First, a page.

The exclusion criteria of this study were: 1) for both groups: cognitive impairment which could interfere in the interpretation of the questions of the questionnaire; 2) for patients with PD: diagnosis over stage 3 in the Hoehn and Yahr Scale (H&Y) [21] [22] , inconclusive diagnosis of PD and/or Secondary Parkinsonism Syndrome and/or medication intake.

2.2. Experimental Design

Each participant was informed about the procedures and aims of this study, and all individuals signed the consent term, approved by Ethical Committee local (Protocol #3083).

Participants of this study were evaluated by a neuropsychiatric in order to verify if they met exclusion criteria. Afterwards, the neuropsychiatric verified the stage of PD through H&Y scale, disease severity through Unified Parkinson’s Disease Rating Scale (UPDRS) [23] , and cognitive condition through Mini Mental State Examination (MMSE) [24] .

2.2.1. Determination of Levels of Physical Activity and Perception of Fatigue

Physical activity levels of each participant were defined by Modified Baecke Questionnaire for Older Adults [25] . This questionnaire evaluates the physical activity levels considering household activities, sports, and leisure time activities. Sports and leisure time activities are calculated through timing intensity, frequency of hours a week and number of months in the previous year according to the table suggested by Bink, Bonjer and Van Der Sluys [26] . The sum of scores from each section reveals the total score of the questionnaire, taking into account that high scores mean high physical activity level. To join the physically active group, independently of presence or not of PD, participant should present scores higher than five in the questionnaire and, for the physically inactive group, the participant should present scores less than four [27] and not having practiced regular and systematized physical activity in the last 3 months.

With the purpose of verifying the perception of fatigue, it was used Multidimensional Fatigue Inventory (MFI) [28] . This questionnaire allows us to measure the perception of fatigue in different populations and has being very used for individuals with PD [29] . MFI measures the subjective perception of fatigue, independently, on general fatigue, physical fatigue, reduced motivation, mental fatigue, and reduced activity dimensions. There are four statements for each dimension, and each one of them presents scores in Lickert scale corresponding from 1 (without fatigue) to 5 (highly fatigued). Therefore, higher scores in the questionnaire mean higher subjective perception of the individual (20―lowest fatigue perception, and 100―highest fatigue perception).

2.3. Data Analysis

The dependent variables of interest were statistically analyzed on SPSS 18.0 for Windows® (p ≤ 0.05). Firstly, a descriptive statistical analysis was made for data analysis of normality and homogeneity, through Shapiro-Wilk and Levene tests, respectively. In order to compare physically active and physically inactive individuals with PD for the specific variables of PD (UPDRS, H&Y scale and MMSE), it was applied ANOVA one-way with factor for levels of physical activity. In order to compare fatigue dimensions between PD and control groups, we used two-way MANOVA, with factor for group and physical activity levels. In order to verify the association between physical activity levels and fatigue dimensions for each group we used the Pearson correlation coefficient.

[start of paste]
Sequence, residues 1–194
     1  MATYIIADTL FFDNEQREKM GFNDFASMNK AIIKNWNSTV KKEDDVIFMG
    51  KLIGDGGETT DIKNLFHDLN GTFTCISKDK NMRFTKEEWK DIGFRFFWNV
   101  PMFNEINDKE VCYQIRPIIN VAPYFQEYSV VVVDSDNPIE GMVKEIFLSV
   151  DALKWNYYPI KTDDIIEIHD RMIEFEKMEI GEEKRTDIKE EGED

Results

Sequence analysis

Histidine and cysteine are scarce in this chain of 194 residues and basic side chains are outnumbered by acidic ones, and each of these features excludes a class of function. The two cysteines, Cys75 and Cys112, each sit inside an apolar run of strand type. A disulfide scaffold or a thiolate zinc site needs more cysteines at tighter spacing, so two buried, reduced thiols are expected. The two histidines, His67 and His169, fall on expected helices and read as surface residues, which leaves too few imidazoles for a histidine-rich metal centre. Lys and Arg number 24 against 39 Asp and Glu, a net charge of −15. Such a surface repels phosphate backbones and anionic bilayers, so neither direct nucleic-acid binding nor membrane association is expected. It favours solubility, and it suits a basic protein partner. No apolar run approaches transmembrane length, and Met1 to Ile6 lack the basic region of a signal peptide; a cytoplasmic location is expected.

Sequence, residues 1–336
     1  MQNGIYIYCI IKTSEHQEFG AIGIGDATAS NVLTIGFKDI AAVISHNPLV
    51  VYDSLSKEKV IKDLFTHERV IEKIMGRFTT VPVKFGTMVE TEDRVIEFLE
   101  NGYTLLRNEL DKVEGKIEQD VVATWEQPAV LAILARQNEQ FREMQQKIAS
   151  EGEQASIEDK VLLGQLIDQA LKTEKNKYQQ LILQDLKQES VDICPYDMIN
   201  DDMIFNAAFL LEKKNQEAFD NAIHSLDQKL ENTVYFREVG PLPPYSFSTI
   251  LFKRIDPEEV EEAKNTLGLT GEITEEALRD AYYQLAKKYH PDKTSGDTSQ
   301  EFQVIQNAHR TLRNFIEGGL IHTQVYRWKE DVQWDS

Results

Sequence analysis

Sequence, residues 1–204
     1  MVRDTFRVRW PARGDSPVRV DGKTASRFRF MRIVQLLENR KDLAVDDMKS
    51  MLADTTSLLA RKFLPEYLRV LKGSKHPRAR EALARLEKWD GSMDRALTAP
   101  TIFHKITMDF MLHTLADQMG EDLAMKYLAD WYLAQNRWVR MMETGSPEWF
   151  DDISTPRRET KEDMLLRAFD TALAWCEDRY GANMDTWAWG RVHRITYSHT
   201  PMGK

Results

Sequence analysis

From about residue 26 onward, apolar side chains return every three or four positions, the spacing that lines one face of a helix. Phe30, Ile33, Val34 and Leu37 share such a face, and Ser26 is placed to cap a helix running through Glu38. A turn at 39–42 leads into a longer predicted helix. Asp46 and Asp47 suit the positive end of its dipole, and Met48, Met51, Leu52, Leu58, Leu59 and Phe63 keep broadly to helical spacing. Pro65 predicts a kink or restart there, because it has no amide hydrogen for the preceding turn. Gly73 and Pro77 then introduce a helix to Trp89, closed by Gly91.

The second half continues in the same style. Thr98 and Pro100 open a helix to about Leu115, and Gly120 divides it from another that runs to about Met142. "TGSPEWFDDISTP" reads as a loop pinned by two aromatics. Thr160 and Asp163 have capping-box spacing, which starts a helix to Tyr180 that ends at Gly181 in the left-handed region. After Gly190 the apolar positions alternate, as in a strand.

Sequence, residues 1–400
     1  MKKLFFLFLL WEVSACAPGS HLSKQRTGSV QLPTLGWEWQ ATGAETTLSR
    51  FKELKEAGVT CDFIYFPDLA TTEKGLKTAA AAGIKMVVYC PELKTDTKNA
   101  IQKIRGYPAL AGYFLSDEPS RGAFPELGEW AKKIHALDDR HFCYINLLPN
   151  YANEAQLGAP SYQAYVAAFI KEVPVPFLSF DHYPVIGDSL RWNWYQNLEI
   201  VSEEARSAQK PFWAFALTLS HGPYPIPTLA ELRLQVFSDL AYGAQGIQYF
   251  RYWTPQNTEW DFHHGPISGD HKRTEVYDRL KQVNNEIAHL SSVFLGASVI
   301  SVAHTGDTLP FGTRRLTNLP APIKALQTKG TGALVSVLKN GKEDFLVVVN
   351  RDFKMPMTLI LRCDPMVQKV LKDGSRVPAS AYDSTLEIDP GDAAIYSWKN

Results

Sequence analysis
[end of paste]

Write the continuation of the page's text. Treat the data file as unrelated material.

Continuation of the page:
3. Results

For age, there was no difference between the groups (PD and Control) and subgroups (active and inactive). For the score of Beacke questionnaire, ANOVA showed that active PD and Control subjects were different than inactive individuals of both of groups. For clinical variables, physically active group and physically inactive group showed no differences (Table 1).

With respect to the evaluated dimensions through MFI, MANOVA presented group effect (Wilks Lambda = 0.60; F3.76 = 5.00; p < 0.001), but no effect for physical activity levels (Wilks Lambda = 0.90; F3.76 = 0.87; p = 0.393) and interaction between factores (Wilks Lambda = 0.79; F3.76 = 0.20; p = 0.81). For group (Figure 1), univariate analysis indicated higher perception of fatigue for PD group in all dimensions: general fatigue (F1.79 = 22.97, p < 0.001), physical fatigue (F1.79 = 24.57, p < 0.001), reduced activity (F1.79 = 26.21, p < 0.001), mental fatigue (F1.79 = 8.85, p = 0.005), and reduced motivation (F1.79 = 9.53, p = 0.003), besides total score (F1.79 = 9.30, p < 0.001) when compared to control group.

For both control and PD group, Pearson correlation analysis did not show association between scores of Baecke questionnaire and perception of fatigue, either independently on dimensions and MFI total value (Table 2).

4. Discussion

The hypothesis of this study was partially confirmed by our findings. Patients with PD showed higher subjective perception of fatigue for all dimensions evaluated by MFI when compared to neurologically healthy elderly.

Table 1. Means and standard deviations of age, Level of Physical Activity (LPA) and clinical characteristics of Active and Inactive Parkinson’s and Control Groups. *Difference (p < 0.05) between active and inactive.

Figure 1. Means and standard deviations of the score on general fatigue, physical fatigue, reduced motivation, mental fatigue, reduced activity dimensions and total score of Multidimensional Fatigue Inventory (MFI) for the Parkinson’s disease (PDG) and Control Groups (CG). *Significant difference p < 0.001.

However, there was no effect of physical activity levels on perception of fatigue. Unexpectedly, the results did not show main effect of physical activity levels, group and physical activity levels interaction and correlation between physical active levels and fatigue dimensions. This finding seems to indicate that although the importance of the physical active levels, the perception of fatigue does not appears to be sensitive for physical activity. This will be discussed in details at the next paragraphs.